Students in the intermediate classes visited Eliza Archie Memorial School to learn from staff and students how to make indigenous medicine bags. Thank-you Tsqescen for the hospitality! 


Mountview Medicine Bags

Mountview Elementary

All Mountview students enjoyed making medicine bags and learning about their uses. Students learned about the process to make the bags, what items they might want to include, and what some of the medicines are used for. 

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Pelltéteq'em and Cedar in December

Nesika Elementary

Pelltéteq'em - "This is the month when the days get longer. The Secwepemc were happy and they drummed and danced. They fixed up their winter homes real good."

Ms. Murphy gathered this melámen/medicine to share with our students so they could share with their kwesélkten/families. Cedar/ qwekwtkwellp is one of our medicines used in our smudge but can also be used in tea, or you can boil it in a pot to clean our air. One teaching Ms. Murphy received from the Vancouver area was that there are two sides of the cedar. The darker side is usually flipped up during funerals etc. and the lighter side is flipped up during celebrations.

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Weaving Baskets

Mile 108 Elementary

This month's focus has been on gathering food and medicine. All classes participated in discussions about harvesting plants and medicines and protocols around each. This was paired with basket projects. Younger students practiced weaving and created placemats and the older students had the opportunity to create ribbon heart baskets or reed baskets. All projects took time and patience, and the finished product was beautiful! 


Students Take the Lead

Cataline Elementary

With guidance by Mrs. Charley, and much practice with their classroom teachers, Ms. Hopkins and Ms. Bonnell, students opened the Cataline Elementary Winter Celebration assembly with the Welcome Song and the Women's Warrior Song. Mr. Favelle was also present to join in with the drumming.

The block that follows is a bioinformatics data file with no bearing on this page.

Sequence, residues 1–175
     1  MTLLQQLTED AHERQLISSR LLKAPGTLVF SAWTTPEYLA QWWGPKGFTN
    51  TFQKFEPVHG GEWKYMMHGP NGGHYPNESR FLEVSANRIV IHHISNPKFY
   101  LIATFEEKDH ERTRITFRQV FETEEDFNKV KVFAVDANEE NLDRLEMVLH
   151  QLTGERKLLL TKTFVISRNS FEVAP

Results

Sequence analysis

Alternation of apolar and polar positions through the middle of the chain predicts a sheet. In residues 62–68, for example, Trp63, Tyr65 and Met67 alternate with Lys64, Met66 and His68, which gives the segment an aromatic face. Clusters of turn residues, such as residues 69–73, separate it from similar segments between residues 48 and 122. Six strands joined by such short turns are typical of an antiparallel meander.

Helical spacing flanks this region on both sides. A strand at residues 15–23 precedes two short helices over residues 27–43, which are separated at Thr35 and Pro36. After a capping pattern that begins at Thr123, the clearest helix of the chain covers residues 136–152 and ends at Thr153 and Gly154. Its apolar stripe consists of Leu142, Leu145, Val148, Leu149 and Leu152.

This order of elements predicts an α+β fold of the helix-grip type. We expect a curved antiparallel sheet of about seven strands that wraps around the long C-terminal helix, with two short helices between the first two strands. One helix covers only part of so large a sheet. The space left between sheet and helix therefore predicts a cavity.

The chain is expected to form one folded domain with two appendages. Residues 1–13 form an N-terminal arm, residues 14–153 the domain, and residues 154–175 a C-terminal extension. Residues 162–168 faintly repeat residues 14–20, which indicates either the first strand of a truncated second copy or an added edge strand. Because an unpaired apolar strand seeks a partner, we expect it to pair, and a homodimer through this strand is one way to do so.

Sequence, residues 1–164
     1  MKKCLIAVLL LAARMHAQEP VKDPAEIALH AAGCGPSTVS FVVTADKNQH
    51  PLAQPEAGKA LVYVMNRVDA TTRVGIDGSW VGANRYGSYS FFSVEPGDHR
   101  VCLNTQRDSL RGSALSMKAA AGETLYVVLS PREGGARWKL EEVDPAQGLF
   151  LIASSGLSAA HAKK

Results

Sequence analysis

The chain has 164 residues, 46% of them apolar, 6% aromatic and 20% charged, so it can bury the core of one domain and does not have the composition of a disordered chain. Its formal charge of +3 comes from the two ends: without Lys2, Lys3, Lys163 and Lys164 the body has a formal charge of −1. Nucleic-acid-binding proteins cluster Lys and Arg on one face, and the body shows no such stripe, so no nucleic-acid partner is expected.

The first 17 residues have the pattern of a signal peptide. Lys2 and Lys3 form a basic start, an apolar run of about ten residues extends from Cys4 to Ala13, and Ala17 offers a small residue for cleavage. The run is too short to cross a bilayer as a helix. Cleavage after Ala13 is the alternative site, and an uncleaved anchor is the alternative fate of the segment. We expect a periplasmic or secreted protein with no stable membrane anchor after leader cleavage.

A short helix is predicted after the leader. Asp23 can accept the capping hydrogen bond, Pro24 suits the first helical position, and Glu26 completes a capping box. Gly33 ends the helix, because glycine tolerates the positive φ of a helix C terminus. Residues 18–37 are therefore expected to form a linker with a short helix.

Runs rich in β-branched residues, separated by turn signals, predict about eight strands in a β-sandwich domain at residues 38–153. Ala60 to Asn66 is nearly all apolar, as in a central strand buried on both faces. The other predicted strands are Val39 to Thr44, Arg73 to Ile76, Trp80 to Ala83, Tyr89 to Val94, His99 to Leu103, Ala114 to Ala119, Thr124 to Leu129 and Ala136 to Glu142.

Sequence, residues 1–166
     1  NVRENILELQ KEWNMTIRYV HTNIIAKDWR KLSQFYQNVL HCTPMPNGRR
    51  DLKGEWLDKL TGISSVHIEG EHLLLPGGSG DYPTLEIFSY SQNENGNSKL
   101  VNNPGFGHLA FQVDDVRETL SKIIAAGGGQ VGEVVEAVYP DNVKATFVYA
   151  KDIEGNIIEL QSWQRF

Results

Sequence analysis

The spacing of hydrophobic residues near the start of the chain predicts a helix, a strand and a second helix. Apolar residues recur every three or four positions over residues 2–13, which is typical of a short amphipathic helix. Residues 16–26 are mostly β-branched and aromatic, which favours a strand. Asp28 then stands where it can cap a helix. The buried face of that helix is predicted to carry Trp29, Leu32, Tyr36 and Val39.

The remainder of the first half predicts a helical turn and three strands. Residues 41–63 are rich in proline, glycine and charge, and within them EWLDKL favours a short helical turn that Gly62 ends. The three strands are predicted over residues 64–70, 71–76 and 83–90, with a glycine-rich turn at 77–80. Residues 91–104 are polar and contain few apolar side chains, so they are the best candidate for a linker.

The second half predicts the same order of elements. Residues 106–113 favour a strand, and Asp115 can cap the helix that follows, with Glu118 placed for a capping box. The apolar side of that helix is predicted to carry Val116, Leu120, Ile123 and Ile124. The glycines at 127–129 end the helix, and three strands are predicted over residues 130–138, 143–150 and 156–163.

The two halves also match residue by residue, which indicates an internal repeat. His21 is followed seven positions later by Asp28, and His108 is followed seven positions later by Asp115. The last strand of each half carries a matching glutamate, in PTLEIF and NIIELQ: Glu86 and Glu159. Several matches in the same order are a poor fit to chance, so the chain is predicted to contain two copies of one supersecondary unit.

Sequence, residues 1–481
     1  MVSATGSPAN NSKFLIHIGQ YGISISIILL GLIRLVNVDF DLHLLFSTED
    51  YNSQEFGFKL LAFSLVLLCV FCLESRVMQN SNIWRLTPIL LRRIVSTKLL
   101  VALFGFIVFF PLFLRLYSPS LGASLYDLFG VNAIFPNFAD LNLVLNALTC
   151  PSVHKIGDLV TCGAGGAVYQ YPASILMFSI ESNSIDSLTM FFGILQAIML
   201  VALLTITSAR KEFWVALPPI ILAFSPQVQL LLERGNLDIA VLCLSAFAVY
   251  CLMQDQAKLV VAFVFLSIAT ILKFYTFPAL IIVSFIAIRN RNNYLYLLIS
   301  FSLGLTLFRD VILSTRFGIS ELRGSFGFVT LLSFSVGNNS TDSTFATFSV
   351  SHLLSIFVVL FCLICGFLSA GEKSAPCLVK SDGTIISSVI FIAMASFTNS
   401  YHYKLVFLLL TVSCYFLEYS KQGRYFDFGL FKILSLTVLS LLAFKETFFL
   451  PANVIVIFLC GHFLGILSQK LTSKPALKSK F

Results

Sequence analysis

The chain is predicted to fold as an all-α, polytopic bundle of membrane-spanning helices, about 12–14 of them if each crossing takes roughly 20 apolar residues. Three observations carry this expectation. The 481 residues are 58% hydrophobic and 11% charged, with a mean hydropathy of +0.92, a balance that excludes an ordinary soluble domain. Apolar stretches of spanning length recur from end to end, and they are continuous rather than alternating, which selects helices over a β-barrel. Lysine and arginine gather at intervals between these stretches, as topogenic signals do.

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Bannock Day

100 Mile Elementary

Students in Mrs. Dixon’s class made bannock. Bannock is an Indigenous food. A pre-lesson was taught in the classroom about the background behind Bannock. Each student wrote out their recipe and shared their knowledge with parents at home. Each student was able to take some bannock home to share with their families. The following week, Mrs. Dixon then collaborated with parents to donate their time and resources to make 140 pieces for hot lunch program and also some bannock was put in the staff room for staff to enjoy. Everyone in the school enjoyed a piece of bannock and we now call it Bannock Day. We are looking forward to incorporating more classes and having another Bannock Day. Our grade 6 & 7 classes are excited to share their knowledge with other students and help mentor more cooking classes. 

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Preparing Deer for Feast Day

Dog Creek Elementary

Students are processing a deer in preparation for a community feast. They prepared the meat for the drying racks. They cut meat for stewing. Also, they prepared the roasts and ribs for pit cooking. 

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Indigenous Medicine Making

Lac La Hache Elementary

The students enjoyed learning how to make traditional balms and ointments using natural ingredients found in our backyard. A big thank you to Michelle Francis from Yunesit'in for coming all the way out to our school to serve as our knowledge keeper.